Cold Connection: Easy Riveted Pendant (Tutorial)

by Rena Klingenberg.

Easy Riveted Pendant - tutorial by Rena Klingenberg

In this tutorial, we’ll use an eyelet rivet (a rivet with a hole) to fasten two pieces of metal together into a single pendant.

Easy Riveted Pendant - tutorial by Rena Klingenberg

Easy Riveted Pendant – tutorial by Rena Klingenberg

This riveted pendant tutorial is an easy two-part project.

Easy Riveted Pendant - tutorial by Rena Klingenberg

Here in Part 1, we’ll start out by making two metal pendant blanks, each with a hole for the eyelet rivet:

Metal pendant blanks for Easy Riveted Pendant - tutorial by Rena Klingenberg

Then, in Part 2 of this tutorial, we’ll use alcohol inks to color our two pendant blanks:

Coloring Metal with Alcohol Ink - tutorial by Rena Klingenberg

And finally, we’ll hop back over here to Part 1, to rivet the two pieces of colored metal together.

Supplies:

  • 24-gauge metal sheet, large enough to make 2 pendant blanks:
    one 40mm x 50mm (1.57″ x 1.97″)
    one 30mm x 40mm (1.18″ x 1.57″).
    I used yellow brass:
    Brass sheet for Easy Riveted Pendant - tutorial by Rena Klingenberg
  • Ruler – to measure and mark your pendant blanks on the metal.
  • Ultra-fine point Sharpie marker – to draw the outline of your pendant blanks on the metal.
  • Metal-cutting shears or tin snips – to cut out your pendant blanks.
    This is the cutter I used:
    Jewelry metal cutter for Easy Riveted Pendant - tutorial by Rena Klingenberg
  • 1 metal eyelet:
    Metal eyelets for Easy Riveted Pendant - tutorial by Rena Klingenberg
    I bought a box of hundreds of these 1/8″ (3.175mm) eyelets in various colors, in the paper-crafting aisle at my local craft store:
    Box of metal eyelets for Easy Riveted Pendant - tutorial by Rena Klingenberg
  • Metal hole punch, made to handle 24 gauge metal, and capable of punching a hole of the right size for your eyelet.
    There are several different metal punches that would work for this.
    I used a Eurotool EuroPower punch, and its 1/8″ punch bit:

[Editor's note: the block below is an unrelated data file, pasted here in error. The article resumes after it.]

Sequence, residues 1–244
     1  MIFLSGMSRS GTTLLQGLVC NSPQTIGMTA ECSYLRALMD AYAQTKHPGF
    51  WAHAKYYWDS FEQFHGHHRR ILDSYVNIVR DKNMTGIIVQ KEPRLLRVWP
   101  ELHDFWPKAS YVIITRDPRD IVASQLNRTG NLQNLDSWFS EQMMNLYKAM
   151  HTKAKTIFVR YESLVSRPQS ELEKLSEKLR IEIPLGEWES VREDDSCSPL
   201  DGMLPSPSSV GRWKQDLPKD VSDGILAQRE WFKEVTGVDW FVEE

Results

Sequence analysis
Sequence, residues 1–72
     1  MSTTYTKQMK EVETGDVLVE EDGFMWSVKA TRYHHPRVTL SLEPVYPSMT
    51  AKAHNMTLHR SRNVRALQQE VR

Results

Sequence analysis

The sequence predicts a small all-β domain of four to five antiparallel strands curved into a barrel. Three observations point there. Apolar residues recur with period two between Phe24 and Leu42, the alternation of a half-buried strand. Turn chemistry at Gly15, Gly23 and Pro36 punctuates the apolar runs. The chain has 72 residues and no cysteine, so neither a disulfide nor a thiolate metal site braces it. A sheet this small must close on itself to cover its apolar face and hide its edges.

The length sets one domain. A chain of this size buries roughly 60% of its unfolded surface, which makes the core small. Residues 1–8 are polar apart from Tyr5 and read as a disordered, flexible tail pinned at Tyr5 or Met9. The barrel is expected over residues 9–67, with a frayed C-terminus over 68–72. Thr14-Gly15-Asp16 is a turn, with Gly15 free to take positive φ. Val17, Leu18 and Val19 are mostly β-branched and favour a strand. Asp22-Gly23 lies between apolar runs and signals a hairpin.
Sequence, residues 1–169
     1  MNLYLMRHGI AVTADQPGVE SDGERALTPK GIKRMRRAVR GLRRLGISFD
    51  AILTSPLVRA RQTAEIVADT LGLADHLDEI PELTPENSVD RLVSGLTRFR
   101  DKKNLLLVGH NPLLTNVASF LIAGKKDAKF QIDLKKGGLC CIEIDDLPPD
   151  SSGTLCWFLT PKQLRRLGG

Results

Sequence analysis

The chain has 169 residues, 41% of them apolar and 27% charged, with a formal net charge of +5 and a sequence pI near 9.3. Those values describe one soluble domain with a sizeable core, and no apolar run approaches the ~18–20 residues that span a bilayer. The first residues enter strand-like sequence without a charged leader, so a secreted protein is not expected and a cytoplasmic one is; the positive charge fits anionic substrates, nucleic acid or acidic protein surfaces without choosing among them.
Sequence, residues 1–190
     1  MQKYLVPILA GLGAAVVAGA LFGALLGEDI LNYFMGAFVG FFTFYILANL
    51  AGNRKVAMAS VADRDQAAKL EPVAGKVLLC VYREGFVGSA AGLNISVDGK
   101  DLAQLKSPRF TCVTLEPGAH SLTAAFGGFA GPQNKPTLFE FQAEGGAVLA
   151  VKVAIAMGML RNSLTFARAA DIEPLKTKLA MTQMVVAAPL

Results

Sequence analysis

Jewelry metal punch for Easy Riveted Pendant - tutorial by Rena Klingenberg
  • Jewelry file – to smooth and round the edges and corners of your metal pendant blanks.
  • #0000 Steel wool – to do the final smoothing on the edges and surfaces of your pendant blanks.
  • Jeweler’s steel block – for a hammering surface.
  • Nylon, plastic, or rubber hammer – to flatten your metal pieces.
  • Texturing tool – to give one of your metal pieces a textured surface.
    I used the sharp, flat end of one of my hammers.
  • Hammer for flattening the end of your eyelet – preferably a hammer with a ball end.
  • Jump ring – for hanging your finished pendant.
  • Cord or chain.

How to Make an
Easy Riveted Pendant

Caution:

Be very careful with handling your metal sheet – the edges and corners can be razor-sharp!

We’ll start by making 2 metal pendant blanks – one small and one large.

My larger one is 40mm x 50mm (1.57″ x 1.97″)

My smaller one is 30mm x 40mm (1.18″ x 1.57″).

First we’ll measure and mark the outlines of our pendant blanks on the metal sheet, using a ruler and fine-point Sharpie marker:

Measuring pendant blanks for Easy Riveted Pendant - tutorial by Rena Klingenberg

Now use your metal-cutting shears or tin snips to cut out your pendant blanks, along the the lines you just drew:

Cutting out metal pendant blanks for Easy Riveted Pendant - tutorial by Rena Klingenberg

If your cut-out pieces of metal are warped or bent, you can place them on your jeweler’s steel block and gently pound them flat using your nylon, plastic, or rubber hammer.

Your metal pendant blanks should look like this:

Metal pendant blanks for Easy Riveted Pendant - tutorial by Rena Klingenberg

Now let’s find out what size of hole we need to punch in our metal pendants.

If your package of eyelets didn’t state the eyelet diameter, you can simply measure the stem of one of them, using your ruler.

My eyelet here is about 1/8″ in diameter: